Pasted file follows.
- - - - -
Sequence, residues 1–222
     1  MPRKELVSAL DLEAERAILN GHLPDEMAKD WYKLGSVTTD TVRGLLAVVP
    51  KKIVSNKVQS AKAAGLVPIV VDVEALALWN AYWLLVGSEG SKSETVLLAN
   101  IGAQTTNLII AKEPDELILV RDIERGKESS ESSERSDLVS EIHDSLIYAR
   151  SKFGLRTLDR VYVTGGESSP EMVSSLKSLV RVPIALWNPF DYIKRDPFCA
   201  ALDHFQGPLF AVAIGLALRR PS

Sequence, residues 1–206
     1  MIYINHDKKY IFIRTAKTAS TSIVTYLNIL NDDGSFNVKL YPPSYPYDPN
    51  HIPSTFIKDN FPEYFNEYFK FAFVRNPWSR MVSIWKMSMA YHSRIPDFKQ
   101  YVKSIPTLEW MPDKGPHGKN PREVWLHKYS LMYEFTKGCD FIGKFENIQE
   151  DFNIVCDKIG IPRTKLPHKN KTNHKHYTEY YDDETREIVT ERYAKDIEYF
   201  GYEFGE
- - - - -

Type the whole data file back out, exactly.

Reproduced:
Sequence, residues 1–222
     1  MPRKELVSAL DLEAERAILN GHLPDEMAKD WYKLGSVTTD TVRGLLAVVP
    51  KKIVSNKVQS AKAAGLVPIV VDVEALALWN AYWLLVGSEG SKSETVLLAN
   101  IGAQTTNLII AKEPDELILV RDIERGKESS ESSERSDLVS EIHDSLIYAR
   151  SKFGLRTLDR VYVTGGESSP EMVSSLKSLV RVPIALWNPF DYIKRDPFCA
   201  ALDHFQGPLF AVAIGLALRR PS

Sequence, residues 1–206
     1  MIYINHDKKY IFIRTAKTAS TSIVTYLNIL NDDGSFNVKL YPPSYPYDPN
    51  HIPSTFIKDN FPEYFNEYFK FAFVRNPWSR MVSIWKMSMA YHSRIPDFKQ
   101  YVKSIPTLEW MPDKGPHGKN PREVWLHKYS LMYEFTKGCD FIGKFENIQE
   151  DFNIVCDKIG IPRTKLPHKN KTNHKHYTEY YDDETREIVT ERYAKDIEYF
   201  GYEFGE